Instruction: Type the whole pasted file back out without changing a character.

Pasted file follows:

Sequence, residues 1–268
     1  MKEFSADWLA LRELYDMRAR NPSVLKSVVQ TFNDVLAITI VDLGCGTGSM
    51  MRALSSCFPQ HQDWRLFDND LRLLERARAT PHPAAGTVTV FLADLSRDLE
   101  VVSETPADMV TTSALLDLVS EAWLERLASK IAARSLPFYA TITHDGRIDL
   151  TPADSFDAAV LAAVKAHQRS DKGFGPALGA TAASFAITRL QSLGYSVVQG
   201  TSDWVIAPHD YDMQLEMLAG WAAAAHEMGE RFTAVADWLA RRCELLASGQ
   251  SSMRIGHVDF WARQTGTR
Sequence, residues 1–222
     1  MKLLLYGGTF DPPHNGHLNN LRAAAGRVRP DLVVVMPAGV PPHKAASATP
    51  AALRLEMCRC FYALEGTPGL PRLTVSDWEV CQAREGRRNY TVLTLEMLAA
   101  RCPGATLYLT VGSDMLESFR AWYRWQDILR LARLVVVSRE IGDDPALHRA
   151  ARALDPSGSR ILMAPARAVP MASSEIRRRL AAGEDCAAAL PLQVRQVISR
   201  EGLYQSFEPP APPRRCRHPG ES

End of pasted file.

Sequence, residues 1–268
     1  MKEFSADWLA LRELYDMRAR NPSVLKSVVQ TFNDVLAITI VDLGCGTGSM
    51  MRALSSCFPQ HQDWRLFDND LRLLERARAT PHPAAGTVTV FLADLSRDLE
   101  VVSETPADMV TTSALLDLVS EAWLERLASK IAARSLPFYA TITHDGRIDL
   151  TPADSFDAAV LAAVKAHQRS DKGFGPALGA TAASFAITRL QSLGYSVVQG
   201  TSDWVIAPHD YDMQLEMLAG WAAAAHEMGE RFTAVADWLA RRCELLASGQ
   251  SSMRIGHVDF WARQTGTR
Sequence, residues 1–222
     1  MKLLLYGGTF DPPHNGHLNN LRAAAGRVRP DLVVVMPAGV PPHKAASATP
    51  AALRLEMCRC FYALEGTPGL PRLTVSDWEV CQAREGRRNY TVLTLEMLAA
   101  RCPGATLYLT VGSDMLESFR AWYRWQDILR LARLVVVSRE IGDDPALHRA
   151  ARALDPSGSR ILMAPARAVP MASSEIRRRL AAGEDCAAAL PLQVRQVISR
   201  EGLYQSFEPP APPRRCRHPG ES